Sometimes, life just changes and as a result, maybe running your business no longer makes sense. Perhaps your family is growing, and you want to spend more time with your kids. Maybe a new opportunity came your way that you feel is more worthy of your time than the business you’ve been running.
I’ve talked to many small business owners who build great companies when they’re young, and as they get older, the demands of the business no longer align with the lifestyle they want to live. Selling for them becomes a great option.
Your business may also have inherent risks. Many people build e-commerce companies that are largely reliant on Amazon as a distribution channel. Over the last several years, these companies have become increasingly valuable to both individuals and private equity firms consolidating them. But some believe there is an inherent risk in building a business on top of Amazon - if Amazon changes its algorithm, or decides to make an Amazon-branded product, sales could shrink overnight. As a result, some sellers perceive this risk early and decide they are better off selling instead of trying to grow their business outside of Amazon.
An additional risk in business is potential litigation - from customers, employees, and vendors. Some business owners often consider selling when a lawsuit is pending. Keep in mind that you will need to both disclose any pending litigation with a potential buyer during the due diligence process, and as part of a purchase agreement, you will generally be held personally responsible for any undisclosed litigation.
Money and Retirement
Selling your business can have all sorts of tax and financial implications you may have never considered. It’s best to work with a CPA prior to closing to understand how the sale will impact your taxes and your personal financials. Depending on the size of your business, you may generate enough wealth from the sale to leave something behind, so if you’ve never considered succession planning, it’s worth talking about what you’ll do with your wealth after you pass on.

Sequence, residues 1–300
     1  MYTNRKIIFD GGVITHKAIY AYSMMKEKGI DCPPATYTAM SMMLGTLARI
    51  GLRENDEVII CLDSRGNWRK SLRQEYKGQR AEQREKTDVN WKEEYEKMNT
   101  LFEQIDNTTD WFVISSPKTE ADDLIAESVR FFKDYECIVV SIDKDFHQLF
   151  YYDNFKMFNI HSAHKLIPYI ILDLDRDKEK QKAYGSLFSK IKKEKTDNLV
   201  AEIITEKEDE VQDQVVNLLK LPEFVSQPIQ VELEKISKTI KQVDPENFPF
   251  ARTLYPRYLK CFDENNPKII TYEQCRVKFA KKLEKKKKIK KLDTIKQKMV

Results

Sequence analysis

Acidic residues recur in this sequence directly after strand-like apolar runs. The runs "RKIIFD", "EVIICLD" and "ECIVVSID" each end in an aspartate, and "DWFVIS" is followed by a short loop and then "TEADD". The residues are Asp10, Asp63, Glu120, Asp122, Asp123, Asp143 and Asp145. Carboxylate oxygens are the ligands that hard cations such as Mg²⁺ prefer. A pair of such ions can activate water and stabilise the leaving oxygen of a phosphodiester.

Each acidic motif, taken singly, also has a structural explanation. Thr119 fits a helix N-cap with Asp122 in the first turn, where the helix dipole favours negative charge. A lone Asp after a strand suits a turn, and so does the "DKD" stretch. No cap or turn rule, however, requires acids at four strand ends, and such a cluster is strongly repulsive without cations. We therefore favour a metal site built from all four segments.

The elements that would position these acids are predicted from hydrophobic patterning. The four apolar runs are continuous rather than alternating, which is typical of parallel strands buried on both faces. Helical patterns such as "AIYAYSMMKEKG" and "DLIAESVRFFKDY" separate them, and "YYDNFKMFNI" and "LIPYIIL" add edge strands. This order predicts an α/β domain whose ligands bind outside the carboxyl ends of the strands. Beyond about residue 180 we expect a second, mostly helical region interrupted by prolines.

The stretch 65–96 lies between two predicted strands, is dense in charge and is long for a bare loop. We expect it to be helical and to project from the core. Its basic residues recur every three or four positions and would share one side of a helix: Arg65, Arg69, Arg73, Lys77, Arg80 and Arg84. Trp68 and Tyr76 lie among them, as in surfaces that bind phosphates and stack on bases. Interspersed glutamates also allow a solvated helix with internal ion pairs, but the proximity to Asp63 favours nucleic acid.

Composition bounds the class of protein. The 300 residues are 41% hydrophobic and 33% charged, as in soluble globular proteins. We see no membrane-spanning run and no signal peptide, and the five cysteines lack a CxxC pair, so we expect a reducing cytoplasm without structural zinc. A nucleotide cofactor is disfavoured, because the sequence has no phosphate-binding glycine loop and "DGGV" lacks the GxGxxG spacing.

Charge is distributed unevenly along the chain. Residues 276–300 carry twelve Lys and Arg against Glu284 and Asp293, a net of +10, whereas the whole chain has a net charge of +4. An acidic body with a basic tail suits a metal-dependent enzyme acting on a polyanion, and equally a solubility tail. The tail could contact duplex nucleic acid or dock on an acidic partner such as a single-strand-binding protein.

Similarly, if you decide that selling your business isn’t right for you, coming up with a succession plan for your company is still a smart and worthwhile endeavor. Many small business owners don’t take the time to consider what will happen to their company when they’re gone, leaving heirs and employees with a legal and financial mess to sort through that can ultimately result in needing to sell a business your family might otherwise want to continue operating in your absence.
Is the Value of My Business Increasing or Decreasing?
Over the last several years, the world has changed dramatically. Along with it, so have most businesses. Employee costs have gone up, recruiting is more challenging than ever before, and inflation is raising costs in almost every sector. For some companies, this has been a windfall, allowing them to grow at unprecedented rates. That can often be a great time to sell. Most buyers want to buy businesses that are expanding rather than contracting. For other companies, the pressures of the last few years may have created new risks and challenges that could be mitigated by a sale of the business.
Whatever is happening to your business or in your industry, it’s important to understand if you’re increasing or decreasing the value of your business. The simplest way to understand that is to look at your net income - is it increasing month over month and year over year, or is it contracting? If your profits are growing, the value of your business likely is along with it.